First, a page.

The gold coin depicts a portrait of the Eastern Roman emperor with two stars around his head, possibly referring to the supernova explosion of 1054.
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One of the two stars near the emperor’s head may be a supernova. Photo: cngcoins/Filipovic

In 1054, a star ran out of fuel and exploded in a bright supernova. Even though it was 6,500 light years away, the explosion was clearly visible in Earth’s sky for 23 days and several hundred nights afterward. The explosion is now known as SN 1054 and can still be observed in the Crab Nebula but requires a good telescope.

SN 1054 is so bright that Chinese astronomers call it a “guest star” – a term for a star that suddenly appears where there was no star before and then becomes invisible after a period of time. Sky watchers in Japan, Iraq, possibly even the Americas, recorded the sudden appearance of the explosion in writing and on rocks. But in Europe – where Emperor Constantine IX of the Eastern Roman Empire and Christianity had great influence – the big explosion in the sky was never mentioned.

In new research published in the European Journal of Science and Theology in August, a group of experts analyzed four Eastern Roman gold coins minted during the reign of emperor Constantine IX (1042 – 1055). While three coins depict only one star, the fourth coin with two bright stars surrounding the emperor’s head may be a subtle depiction of the supernova of 1054.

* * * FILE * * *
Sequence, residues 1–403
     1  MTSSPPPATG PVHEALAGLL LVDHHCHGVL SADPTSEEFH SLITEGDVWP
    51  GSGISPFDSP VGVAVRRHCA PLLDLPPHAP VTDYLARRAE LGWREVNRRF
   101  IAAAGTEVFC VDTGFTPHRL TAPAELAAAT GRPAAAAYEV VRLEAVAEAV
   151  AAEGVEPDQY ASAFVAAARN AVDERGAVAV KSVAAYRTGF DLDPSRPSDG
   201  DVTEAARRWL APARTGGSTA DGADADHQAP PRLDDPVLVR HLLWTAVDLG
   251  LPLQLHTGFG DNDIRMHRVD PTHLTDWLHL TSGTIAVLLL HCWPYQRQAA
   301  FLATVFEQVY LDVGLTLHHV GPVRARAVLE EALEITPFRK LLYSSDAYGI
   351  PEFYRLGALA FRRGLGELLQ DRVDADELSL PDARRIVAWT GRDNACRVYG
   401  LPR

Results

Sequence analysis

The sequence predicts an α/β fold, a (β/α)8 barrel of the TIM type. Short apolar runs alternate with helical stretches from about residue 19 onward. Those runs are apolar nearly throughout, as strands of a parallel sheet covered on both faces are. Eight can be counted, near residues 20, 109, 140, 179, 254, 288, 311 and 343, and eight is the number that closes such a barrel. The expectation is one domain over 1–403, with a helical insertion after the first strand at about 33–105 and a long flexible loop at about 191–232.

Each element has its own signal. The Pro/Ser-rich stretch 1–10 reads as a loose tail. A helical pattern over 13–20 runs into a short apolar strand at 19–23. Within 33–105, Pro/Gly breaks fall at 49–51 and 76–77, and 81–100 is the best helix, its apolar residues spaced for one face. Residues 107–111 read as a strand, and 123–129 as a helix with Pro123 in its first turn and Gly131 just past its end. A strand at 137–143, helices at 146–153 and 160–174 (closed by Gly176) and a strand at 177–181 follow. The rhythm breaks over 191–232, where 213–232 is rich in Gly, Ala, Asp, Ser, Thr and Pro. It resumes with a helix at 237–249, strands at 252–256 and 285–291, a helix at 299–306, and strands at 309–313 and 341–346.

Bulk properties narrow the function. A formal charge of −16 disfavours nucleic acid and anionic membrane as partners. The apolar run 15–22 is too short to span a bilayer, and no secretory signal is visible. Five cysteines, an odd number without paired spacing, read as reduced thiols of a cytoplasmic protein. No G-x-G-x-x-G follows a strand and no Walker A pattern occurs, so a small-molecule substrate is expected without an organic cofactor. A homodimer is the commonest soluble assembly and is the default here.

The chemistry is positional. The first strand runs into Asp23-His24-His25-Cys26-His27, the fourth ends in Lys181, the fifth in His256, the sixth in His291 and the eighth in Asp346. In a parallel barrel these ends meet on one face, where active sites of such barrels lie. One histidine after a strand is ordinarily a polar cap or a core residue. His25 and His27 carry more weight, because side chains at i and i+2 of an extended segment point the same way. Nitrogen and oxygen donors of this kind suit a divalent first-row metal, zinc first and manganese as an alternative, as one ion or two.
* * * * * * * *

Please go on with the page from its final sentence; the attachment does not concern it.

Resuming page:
According to the research team, the emperor’s head may represent the Sun, the eastern star represents Venus, and the western star represents SN 1054 – a supernova that appeared for nearly a month in the sky at dawn. day, opposite Venus. The two stars may also represent the Eastern Orthodox and Western Catholic branches of Christianity, which split during the Great Schism of July 1054.

If the above explanation is correct and the gold coin indeed depicts SN 1054, then Byzantine scholars may have been forbidden to study or mention this supernova due to religious reasons. The Church may have a philosophical bias against any changes in the supposedly perfect and eternal night sky. Combined with the chaos of the Great Schism at that time, the church may have felt it was wise to ignore the supernova. However, it is more likely that a clever scholar has found a way to “circumvent the law”.

The team of experts also visited many museums to study 36 copies of the two-star coin and discovered that the size of the western star was inconsistent and seemed to shrink over time. This is likely intended to show SN 1054 fading in the sky.

These hypotheses are very reasonable but still lack clear evidence, the team said. The size and arrangement of the stars on the coin may represent something else, and just coincide with the appearance of a supernova. Additionally, there is no exact mint date, so it’s impossible to know if they were minted before or after the supernova.

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